The helpfulness or hurt from healthcare reform will really depend on how reformers see healthcare, as a commodity to be purchased or as a basic need to be met according to Casteel.
"I think we truly never answer this question and only dangle pieces to try and solve parts of the puzzle. We currently exist inside a health system that needs reform. This reform should also include participation from the consumer," said Casteel.
Collaboration with other providers to extend their resources out into rural areas, such as specialists is critical, said Beus. In addition, rural facilities will have to leverage the available technology, such as telemedicine to support and expand services.
"Technology is costly and does not always lead to a gain in efficiency. It may at times lead to additional costs," said Casteel. "But, it is necessary with the growing need of data requirements, reporting, and analytics."
Technology has made improvements to the exchange and access of information opined Mitchell. However, the burden of electronic medical records has significantly increased the amount of time physicians spend in non-direct patient care. Nurse Practitioners and Physician Assistants help physicians extend services to communities. They are a key component of physician led team-based care to help with patient volume and access Mitchell continued.
"The use of and incorporation of Advanced Practice Providers, (Nurse Practitioners and Physician Assistants) as well as Behavioral Health providers into the rural community in a more progressive means has to be a component of the solution," said Ross. "Primary Care Physicians are becoming a scarcity, particularly in rural areas, so that we have to work to utilize the available providers. In my opinion, we have an antiquated regulatory system on medical schools that prohibits the means for more students to go to medical school that also does not encourage pursuing primary care roles."
According to Mitchell, "There are many obstacles to the reform of healthcare. The healthcare system is extremely complicated and there is no single answer that will resolve all of the issues. Our lawmakers are typically not involved in the healthcare industry and thus lack a grasp of some important concepts. Studies have shown that healthcare costs decrease, and healthcare quality improves with access to a family medicine physician. Studies have also shown there will be a primary care physician shortage by 2025. The greatest shortage will be in rural areas. If we cannot find solutions to the growing need for physicians, then access to care will be increasingly difficult. There is currently no major discussion about increasing the number of medical schools or increasing the number of residency positions. There should be incentives for medical students who choose rural primary care and they should also be able to enter into loan forgiveness programs in exchange for their commitment to the communities," said Mitchell.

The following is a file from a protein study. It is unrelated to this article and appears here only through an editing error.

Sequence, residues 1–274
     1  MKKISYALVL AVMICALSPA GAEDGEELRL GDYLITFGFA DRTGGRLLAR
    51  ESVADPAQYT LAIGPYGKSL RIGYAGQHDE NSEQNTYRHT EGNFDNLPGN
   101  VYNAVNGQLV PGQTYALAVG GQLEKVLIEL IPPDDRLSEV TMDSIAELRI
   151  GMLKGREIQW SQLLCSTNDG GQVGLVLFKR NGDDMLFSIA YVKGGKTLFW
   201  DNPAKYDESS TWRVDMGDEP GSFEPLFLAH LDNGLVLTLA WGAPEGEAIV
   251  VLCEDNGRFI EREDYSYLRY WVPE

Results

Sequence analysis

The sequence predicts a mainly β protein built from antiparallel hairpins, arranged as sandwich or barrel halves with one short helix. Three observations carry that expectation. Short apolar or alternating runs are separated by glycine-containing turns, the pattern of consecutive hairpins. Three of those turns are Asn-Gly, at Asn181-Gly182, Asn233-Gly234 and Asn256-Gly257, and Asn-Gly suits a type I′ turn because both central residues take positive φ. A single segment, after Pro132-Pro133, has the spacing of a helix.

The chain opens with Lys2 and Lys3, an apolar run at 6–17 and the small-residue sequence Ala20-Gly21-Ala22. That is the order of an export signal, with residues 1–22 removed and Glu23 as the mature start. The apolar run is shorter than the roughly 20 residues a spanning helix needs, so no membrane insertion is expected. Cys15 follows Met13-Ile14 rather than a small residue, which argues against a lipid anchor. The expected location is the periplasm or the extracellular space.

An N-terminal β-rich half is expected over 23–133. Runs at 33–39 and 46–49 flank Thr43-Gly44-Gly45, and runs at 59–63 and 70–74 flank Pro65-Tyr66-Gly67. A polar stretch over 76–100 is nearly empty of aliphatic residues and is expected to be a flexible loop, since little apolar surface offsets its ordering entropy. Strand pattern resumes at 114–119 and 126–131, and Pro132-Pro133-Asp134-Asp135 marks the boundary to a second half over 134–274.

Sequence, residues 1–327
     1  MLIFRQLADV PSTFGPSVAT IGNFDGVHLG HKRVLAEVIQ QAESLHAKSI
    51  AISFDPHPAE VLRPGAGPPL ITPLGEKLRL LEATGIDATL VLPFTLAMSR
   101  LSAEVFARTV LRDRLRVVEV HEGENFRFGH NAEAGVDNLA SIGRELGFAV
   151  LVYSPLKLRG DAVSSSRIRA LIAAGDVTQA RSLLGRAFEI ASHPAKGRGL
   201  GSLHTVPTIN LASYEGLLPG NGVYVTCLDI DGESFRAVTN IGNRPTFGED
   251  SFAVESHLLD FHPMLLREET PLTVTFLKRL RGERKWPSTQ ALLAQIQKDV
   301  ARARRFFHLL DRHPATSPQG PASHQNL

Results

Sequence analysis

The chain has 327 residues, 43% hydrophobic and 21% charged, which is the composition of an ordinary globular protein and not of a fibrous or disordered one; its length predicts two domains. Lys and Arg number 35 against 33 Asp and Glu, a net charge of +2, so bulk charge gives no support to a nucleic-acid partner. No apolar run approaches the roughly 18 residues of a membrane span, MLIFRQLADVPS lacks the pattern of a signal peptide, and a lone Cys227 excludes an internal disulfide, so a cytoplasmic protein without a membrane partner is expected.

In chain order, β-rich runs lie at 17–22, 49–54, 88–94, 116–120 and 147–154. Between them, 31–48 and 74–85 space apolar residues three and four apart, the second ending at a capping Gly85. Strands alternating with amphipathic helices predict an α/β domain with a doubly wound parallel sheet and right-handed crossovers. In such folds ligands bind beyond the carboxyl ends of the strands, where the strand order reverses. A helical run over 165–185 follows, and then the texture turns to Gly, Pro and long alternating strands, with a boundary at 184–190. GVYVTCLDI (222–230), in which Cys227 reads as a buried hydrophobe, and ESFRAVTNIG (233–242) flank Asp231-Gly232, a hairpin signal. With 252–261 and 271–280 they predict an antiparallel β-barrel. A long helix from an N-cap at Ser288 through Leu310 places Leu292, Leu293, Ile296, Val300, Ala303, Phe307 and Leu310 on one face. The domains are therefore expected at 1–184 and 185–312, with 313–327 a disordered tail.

"Many issues are being addressed in Washington without frontline providers having input. No one is educating the patient to the different changes and facts regarding coverages that they have or don't have and subsequent requirements of the plans," said Ross. "It is an injustice to all who are uneducated in the components and understanding of the terminology, coverage, requirements and steps to navigate the future of healthcare."
"Continuation of the existing challenges that face us today - rising expenses, decreasing reimbursement, recruitment/retention of physicians and nurses - is the biggest threat to all hospitals," said Beus.
"We are currently waiting for decisions that extend programs such as Medicare Dependent status and drug purchasing programs, and the development of a rural wage index," said Casteel. We will soon face issues concerning pricing for hospital based services versus free standing services. These are all reimbursement related. But the next issue is, how do we excite the next generation to return to rural communities, thereby waving off extreme healthcare work shortages? Some decisions are made by extending funding for programs," she said. "For other issues, communities as well as lawmakers will need to better understand the impact of losing rural healthcare. Many communities have lost industry. Will healthcare now be another lost industry in rural areas or will we find the opportunities through blending types of providers, joining partnerships, and better understanding consumers? In healthcare, it seems our next big issues will remain around the changing environment of reimbursement and the challenges of sustaining a work force."